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Re: [CSS21] Are vendor-specific extensions invalid?

From: Christof Hoeke <csad7@t-online.de>
Date: Tue, 29 Jul 2008 13:35:59 +0200
Message-ID: <488F009F.5070306@t-online.de>
To: Patrick Garies <pgaries@fastmail.us>
CC: www-style@w3.org

Patrick Garies wrote:
> 
> Christof Hoeke wrote:
>>  I did not check but I think there are quite a few properties working
>>  in browsers which are not in any spec yet (is opacity in 2.1 yet?).
>>  Anyway, there will be always new properties coming which are first
>>  implemented and then spec'ed (which is a good thing though as it uses
>>  CSS forward compatibility)
> 
> The |opacity| property appears in CSS3. I don’t see why it would need to 
> be added to CSS2.1.

guess as long as even CSS2.1 is not in Recommendation state it does not 
help, true (I falsely assumed that it is but it takes a long time I know)

> Christof Hoeke wrote:
>>  I don't want to start the discussion how to write x-browser CSS ;)
> 
> I’m well aware of the kind of problems that have to be dealt with in 
> writing cross‐browser compatible CSS (mainly: Internet 
> Explorer‐compatible CSS). I was wondering which properties that you are 
> using that can’t simply be hidden in a style sheet accessible only 
> through a conditional comment * or validated by changing the W3C’s CSS 
> validator’s used profile to that for CSS3.

Of course IE is the main problem but there are quite a few differences 
between FF - Safari/Webkit and Opera (not even counting other UA like 
e.g. PrinceXML) and there are even some differences between FF2 and the 
new FF3 (floating mainly). Normally I am not after pixel-perfect layout 
  in all browsers but there are some issues clients are nervous about 
especially floating stuff which may destroy a layout completely. So even 
if I would put IE specific stuff in conditional comment  stylesheets 
theses problems remain. That is also the reason why I do not use 
conditional comment sheets as I would have to use (still valid) "hacks" 
for e.g. FF2/3 AND have additional sheets for IEs

> * Well, this sort of assumes that you place less priority on the 
> validity of Internet Explorer‐only style sheets.

As IE if still the browser most used and (sadly) most of our clients use 
it inhouse (and mostly not even IE7 yet which is a bit more predictable) 
the people who pay would not get the best experience so this is a bit 
difficult to explain ;)


(An apology to this list, I guess this discussion should not be done 
here...)

> 
> Christof Hoeke wrote:
>>  For my part I prefer a single CSS where I do not have to change the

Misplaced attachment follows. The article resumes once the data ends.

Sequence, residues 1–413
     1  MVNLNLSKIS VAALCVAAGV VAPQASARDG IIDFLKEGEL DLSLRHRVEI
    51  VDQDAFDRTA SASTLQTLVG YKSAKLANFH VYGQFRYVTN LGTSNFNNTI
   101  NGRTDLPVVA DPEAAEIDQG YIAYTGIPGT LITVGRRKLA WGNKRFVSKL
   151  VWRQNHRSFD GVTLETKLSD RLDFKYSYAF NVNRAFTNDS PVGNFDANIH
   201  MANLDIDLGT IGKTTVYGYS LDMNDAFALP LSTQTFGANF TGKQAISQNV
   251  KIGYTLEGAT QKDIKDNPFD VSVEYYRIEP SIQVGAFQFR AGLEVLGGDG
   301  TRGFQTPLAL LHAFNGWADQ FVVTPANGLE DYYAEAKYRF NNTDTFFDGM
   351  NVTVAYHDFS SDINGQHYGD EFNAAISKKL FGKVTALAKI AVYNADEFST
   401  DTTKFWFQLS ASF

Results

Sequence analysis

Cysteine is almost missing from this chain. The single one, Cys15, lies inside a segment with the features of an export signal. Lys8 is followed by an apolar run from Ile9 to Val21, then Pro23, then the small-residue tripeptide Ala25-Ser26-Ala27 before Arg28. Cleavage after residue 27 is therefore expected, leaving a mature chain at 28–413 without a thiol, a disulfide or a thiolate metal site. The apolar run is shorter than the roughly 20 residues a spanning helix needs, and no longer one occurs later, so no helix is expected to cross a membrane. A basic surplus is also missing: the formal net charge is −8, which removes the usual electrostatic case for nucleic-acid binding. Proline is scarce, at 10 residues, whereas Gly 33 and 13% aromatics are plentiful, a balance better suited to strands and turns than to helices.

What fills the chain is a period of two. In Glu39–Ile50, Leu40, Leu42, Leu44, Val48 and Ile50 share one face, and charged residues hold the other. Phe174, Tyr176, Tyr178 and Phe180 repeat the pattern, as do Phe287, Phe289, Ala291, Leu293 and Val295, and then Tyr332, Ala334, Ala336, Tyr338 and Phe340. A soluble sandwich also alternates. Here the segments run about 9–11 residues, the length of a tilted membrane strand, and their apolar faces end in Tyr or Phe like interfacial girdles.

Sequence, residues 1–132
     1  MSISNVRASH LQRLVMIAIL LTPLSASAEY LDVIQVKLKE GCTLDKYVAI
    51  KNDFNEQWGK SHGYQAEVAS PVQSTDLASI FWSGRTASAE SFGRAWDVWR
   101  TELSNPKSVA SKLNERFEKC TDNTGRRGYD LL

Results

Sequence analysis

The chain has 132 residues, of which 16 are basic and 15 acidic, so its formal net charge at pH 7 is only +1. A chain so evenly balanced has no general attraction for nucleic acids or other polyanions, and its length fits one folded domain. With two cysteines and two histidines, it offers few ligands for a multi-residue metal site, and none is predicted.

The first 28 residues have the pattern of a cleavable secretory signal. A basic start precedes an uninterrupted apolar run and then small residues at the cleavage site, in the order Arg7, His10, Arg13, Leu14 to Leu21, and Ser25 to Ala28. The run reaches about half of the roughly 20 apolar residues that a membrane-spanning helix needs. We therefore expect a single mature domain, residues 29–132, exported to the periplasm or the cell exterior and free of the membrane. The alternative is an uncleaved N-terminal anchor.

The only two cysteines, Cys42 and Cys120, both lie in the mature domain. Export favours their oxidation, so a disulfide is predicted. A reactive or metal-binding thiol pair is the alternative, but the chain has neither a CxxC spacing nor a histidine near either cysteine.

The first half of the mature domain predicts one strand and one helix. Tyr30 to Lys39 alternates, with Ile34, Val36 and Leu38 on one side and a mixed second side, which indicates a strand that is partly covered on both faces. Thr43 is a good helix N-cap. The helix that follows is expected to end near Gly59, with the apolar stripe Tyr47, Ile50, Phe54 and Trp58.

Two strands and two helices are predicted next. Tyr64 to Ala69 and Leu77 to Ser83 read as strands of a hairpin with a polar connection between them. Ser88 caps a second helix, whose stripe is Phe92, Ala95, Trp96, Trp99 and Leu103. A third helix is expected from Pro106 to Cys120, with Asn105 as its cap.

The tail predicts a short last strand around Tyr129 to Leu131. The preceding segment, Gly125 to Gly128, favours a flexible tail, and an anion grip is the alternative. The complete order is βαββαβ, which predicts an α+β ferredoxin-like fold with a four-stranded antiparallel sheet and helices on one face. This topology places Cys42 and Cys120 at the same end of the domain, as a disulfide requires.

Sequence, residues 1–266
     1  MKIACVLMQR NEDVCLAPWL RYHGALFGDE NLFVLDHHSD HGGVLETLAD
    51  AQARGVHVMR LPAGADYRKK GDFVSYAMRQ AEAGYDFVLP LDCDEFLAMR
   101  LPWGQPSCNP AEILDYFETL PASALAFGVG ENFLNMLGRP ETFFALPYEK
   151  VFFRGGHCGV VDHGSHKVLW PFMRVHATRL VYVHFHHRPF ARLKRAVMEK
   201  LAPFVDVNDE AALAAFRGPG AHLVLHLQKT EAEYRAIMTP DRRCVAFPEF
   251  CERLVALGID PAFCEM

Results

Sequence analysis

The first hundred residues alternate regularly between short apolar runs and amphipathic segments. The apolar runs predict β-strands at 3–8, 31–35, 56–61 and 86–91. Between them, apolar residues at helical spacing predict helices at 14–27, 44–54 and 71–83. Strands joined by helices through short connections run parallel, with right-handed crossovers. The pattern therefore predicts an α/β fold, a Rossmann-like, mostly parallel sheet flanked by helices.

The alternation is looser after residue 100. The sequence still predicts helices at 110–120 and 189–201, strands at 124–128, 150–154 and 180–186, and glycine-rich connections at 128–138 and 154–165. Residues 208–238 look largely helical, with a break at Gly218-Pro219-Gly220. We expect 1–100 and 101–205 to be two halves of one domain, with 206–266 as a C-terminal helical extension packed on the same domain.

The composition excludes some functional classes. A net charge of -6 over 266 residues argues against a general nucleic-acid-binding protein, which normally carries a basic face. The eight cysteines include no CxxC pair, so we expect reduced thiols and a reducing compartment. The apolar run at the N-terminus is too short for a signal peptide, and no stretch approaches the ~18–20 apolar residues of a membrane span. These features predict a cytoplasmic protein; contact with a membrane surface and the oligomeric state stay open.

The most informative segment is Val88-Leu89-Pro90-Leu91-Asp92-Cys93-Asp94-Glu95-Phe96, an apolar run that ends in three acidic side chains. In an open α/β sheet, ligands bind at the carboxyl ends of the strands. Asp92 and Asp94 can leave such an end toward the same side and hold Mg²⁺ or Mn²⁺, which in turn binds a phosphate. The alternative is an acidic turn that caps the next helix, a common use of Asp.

>>  HTML and add more than one HTTP request for styles to my page.
> 
> You have to change the HTML, yes. However, it can be done so that there 
> is only one HTTP request per browser via “downlevel‐revealed” CCs; 
> unfortunately, this means that both sets of style sheets need to be 
> independent of one another (i.e., this method requires more maintenance 
> than others). Alternatively, you can have the IE style sheet override 
> the relevant parts of the default style sheet; this means that only 
> Internet Explorer users need to make multiple HTTP requests.

again not really sufficient as described above. Also "only IE users" 
means most of the time >70% of the users ;)


> Christof Hoeke wrote:
>>  Still there are properties (like opacity you mentioned above) which
>>  are defined in CSS 3 (more or less as it is not a recommendation yet,
>>  is it?) but not in 2.1 (and adding more properties or values should
>>  probably rise the version number anyway.
> 
> CSS3 is a set of modules; it’s not a single specification, so it can’t 
> become a recommendation. No CSS3 module has made W3C Recommendation 
> status yet (that I know of); CSS3 Color (which defines the |opacity| 
> property) is the module closest to becoming a W3C Recommendation. CSS2.1 
> isn’t even a W3C Recommendation yet, for that matter. Again, I don’t see 
> why you have the concern that |opacity| is not defined in CSS2.1.
> 
> Christof Hoeke wrote:
>>  I have not checked fully but I think they should be "well-formed" as
>>  they generally are just a FUNC token with content.
> 
> I was mainly concerned with the colon character in |progid:| with regard 
> to the |filter| property. Also, is |property: expression(x : y ? z);| 
> “well‐formed” CSS? As far as I can tell, neither are well‐formed.

Both are not if I read the grammar at 
http://www.w3.org/TR/css3-syntax/#grammar0 right, true. I thought it 
would be more open for future extensions. But I guess the current 
grammar was sufficient until now (except for MS) so cannot be that bad ;)


christof
Received on Tuesday, 29 July 2008 11:36:54 GMT

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